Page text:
" The common thread that binds judges across the world is a commitment to the dispensation of justice. This commitment underlies the creation of a transnational judicial network which thrives on the constant exchange of ideas and dialogue on common challenges that require our immediate attention - first and foremost, increasing diversity in the judiciary as well as the role of the judiciary in ensuring a gender just world", said Chief Justice SA Bobde during the Valedictory function of International Judges Conference held in New Delhi.
Read the Full Text of the Speech Here
Judiciary and the Changing World
Sharad Arvind Bobde
Chief Justice, Supreme Court of India
1. My travels to South America, Africa and Europe, have given me the pleasure of interacting with great judicial minds from various jurisdictions. These interactions with sister and brother judges across the world, instilled in me the firm belief in the value of learning from the experiences of Judges from other jurisdictions and sharing my own experiences. I learnt the truth of the words James Russell Lowell - "As one lamp lights another, nor grows less, So nobleness enkindleth nobleness. The last two days have been the culmination of that vision and belief. I thank the President of India, the Government of India and all our distinguished guests who have made this vision a reality.
2. The common thread that binds judges across the world is a commitment to the dispensation of justice. This commitment underlies the creation of a transnational judicial network which thrives on the constant exchange of ideas and dialogue on common challenges that require our immediate attention - first and foremost, increasing diversity in the judiciary as well as the role of the judiciary in ensuring a gender just world.
3. The judiciary is the guardian of constitutional values and serves to counter-balance populist forces in a commitment to the rule of law. Inherent in this role are active measures to bring women within the judicial fold. We have learnt from the illuminating session on the judiciary and gender justice that incremental measures are only the first step towards championing the cause of gender equality.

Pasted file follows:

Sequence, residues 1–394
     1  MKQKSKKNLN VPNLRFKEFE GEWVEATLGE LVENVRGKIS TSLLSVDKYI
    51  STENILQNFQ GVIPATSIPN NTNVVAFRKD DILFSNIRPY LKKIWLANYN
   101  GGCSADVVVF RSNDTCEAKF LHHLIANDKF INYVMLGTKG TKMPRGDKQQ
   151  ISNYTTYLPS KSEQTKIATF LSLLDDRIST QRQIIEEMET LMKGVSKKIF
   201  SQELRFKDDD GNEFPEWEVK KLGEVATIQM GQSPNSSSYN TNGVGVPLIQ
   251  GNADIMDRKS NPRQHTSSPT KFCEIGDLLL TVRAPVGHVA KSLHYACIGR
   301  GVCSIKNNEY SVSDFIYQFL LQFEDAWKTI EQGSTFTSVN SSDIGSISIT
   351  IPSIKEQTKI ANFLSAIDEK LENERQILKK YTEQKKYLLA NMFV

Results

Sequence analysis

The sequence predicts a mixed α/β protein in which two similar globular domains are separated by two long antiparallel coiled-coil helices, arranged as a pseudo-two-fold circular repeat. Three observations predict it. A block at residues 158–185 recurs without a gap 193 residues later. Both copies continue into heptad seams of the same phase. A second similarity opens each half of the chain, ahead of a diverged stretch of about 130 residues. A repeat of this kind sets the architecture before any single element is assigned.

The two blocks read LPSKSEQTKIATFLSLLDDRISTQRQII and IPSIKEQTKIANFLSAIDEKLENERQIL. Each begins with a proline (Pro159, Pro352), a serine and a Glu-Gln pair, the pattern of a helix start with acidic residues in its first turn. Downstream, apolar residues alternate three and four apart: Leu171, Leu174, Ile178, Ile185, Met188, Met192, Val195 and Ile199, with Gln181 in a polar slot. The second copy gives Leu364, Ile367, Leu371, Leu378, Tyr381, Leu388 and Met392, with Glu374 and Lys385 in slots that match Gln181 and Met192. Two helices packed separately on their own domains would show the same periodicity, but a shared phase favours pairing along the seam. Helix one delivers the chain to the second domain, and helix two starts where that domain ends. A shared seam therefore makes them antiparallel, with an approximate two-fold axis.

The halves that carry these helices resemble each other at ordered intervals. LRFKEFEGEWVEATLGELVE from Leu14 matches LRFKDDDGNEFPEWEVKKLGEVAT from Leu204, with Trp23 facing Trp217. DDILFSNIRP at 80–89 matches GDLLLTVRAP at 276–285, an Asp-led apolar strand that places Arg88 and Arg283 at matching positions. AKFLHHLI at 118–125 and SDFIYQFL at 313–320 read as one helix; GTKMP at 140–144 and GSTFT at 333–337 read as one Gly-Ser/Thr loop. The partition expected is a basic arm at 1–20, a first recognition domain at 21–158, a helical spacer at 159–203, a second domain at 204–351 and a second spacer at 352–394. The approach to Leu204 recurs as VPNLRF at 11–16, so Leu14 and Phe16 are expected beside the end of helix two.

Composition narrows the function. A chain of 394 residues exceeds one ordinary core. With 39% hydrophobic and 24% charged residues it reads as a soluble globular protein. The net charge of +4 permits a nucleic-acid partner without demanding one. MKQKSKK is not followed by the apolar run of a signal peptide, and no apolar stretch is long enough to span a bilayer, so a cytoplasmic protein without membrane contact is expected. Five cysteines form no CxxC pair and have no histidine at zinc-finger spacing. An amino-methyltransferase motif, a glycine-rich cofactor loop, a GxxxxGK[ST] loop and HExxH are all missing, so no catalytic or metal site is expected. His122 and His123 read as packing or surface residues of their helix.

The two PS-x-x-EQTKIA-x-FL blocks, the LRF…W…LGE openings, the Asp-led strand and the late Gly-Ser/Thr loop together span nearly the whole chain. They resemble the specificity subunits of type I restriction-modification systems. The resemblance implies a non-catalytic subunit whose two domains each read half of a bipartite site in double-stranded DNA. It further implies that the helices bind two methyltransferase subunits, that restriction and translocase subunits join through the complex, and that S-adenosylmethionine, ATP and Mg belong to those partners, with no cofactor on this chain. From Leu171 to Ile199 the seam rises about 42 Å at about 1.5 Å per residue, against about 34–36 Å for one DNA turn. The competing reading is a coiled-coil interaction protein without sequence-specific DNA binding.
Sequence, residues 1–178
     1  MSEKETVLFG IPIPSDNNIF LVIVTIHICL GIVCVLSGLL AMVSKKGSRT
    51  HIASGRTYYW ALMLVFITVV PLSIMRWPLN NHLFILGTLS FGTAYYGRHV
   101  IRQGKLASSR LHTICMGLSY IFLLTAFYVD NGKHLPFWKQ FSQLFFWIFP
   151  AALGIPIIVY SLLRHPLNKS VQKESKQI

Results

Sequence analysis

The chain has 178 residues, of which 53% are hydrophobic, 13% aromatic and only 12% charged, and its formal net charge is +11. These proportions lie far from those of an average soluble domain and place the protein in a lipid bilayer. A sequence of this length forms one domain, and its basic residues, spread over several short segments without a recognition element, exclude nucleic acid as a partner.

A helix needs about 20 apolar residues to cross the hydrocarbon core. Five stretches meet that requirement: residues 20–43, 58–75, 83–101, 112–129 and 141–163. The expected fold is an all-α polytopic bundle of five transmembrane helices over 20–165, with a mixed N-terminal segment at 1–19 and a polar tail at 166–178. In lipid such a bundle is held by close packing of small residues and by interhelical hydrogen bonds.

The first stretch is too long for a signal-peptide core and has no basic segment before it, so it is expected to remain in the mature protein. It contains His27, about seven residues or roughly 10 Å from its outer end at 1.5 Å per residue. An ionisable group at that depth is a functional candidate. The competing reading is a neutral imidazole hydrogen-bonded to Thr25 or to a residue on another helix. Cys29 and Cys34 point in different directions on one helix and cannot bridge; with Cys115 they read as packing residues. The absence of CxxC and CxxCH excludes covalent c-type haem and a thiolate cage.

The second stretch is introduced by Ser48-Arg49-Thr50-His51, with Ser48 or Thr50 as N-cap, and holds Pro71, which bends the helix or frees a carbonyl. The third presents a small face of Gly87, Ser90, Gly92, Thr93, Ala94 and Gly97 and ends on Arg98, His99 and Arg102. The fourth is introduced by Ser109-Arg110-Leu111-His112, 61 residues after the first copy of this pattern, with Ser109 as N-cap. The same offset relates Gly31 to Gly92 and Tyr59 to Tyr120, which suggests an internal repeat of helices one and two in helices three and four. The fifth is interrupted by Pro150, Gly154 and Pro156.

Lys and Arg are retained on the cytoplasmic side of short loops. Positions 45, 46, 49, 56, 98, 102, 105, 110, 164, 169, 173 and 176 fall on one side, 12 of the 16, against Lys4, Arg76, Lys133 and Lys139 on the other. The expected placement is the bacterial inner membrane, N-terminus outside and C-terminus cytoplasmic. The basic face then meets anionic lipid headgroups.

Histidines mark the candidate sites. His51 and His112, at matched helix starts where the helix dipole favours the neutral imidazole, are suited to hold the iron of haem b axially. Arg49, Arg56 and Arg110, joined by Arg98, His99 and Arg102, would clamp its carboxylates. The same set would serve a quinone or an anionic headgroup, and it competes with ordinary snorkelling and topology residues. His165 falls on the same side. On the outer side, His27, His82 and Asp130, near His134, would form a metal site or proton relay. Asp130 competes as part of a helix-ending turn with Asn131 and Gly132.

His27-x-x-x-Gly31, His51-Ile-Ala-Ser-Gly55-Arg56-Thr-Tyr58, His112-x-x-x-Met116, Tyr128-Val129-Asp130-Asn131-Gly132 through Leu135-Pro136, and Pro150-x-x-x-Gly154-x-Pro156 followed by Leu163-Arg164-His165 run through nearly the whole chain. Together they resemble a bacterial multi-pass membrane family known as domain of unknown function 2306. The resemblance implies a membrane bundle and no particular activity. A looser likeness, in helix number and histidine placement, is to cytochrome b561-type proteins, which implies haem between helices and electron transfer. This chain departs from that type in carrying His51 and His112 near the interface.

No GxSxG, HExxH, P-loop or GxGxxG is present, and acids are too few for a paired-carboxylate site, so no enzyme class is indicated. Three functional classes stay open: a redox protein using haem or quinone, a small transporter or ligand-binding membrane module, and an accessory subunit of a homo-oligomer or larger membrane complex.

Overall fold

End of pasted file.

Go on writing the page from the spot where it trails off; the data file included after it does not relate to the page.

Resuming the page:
4. As judges, in the discharge of our duties we are exposed to arguments, strategies and solutions from various jurisdictions. The delivery of justice has not been untouched by the forces of globalisation. Not long-ago, legal education in a foreign jurisdiction was a rare oddity. Today, the vast majority of lawyers and judges are educated in more than one country.
5. This globalisation of the Bar has been accompanied by the globalisation of the Bench. Increasingly confronted with transnational challenges, judges regularly reach beyond their borders to inspect the jurisprudence of other countries to discern valuable principles. Recently, judgments and opinions of the Indian Supreme Court were cited by over four jurisdictions across the world. Our own judgments look to the wisdom of our international colleagues. Yet a judge never loses sight of the need to tailor judicial decisions to the social realities of their own country.
6. The Indian judiciary though not in the present form, has an ancient origin. It is uniquely situated, connected by the yarn of history to the grand old traditions of common law, yet also charting its own course in the face of a geographically, linguistically and culturally diverse realities. India serves as a beacon of hope to independent and developing countries.
7. The Indian Supreme Court is responsible for upholding the rights of over 1.3 billion people. We have more approximately 17,500 courts. In a country where over 22 languages and several thousand dialects are spoken, the Supreme Court has mandated the translation of its judgments into nine languages. A commitment to access to justice furthers the commitment that constitutions are not meant only to check people in power but also empower those who have been deprived of it. The provision of judgments in vernacular languages makes accessible to people from diverse linguistic backgrounds
8. As we look to the future, a significant consideration in the delivery of justice is the protection and preservation of the environment in the dispensation of justice. In one of the cases before us, we have held that "The present generation has no right to impede the safety and wellbeing of the next generation or the generation to come thereafter."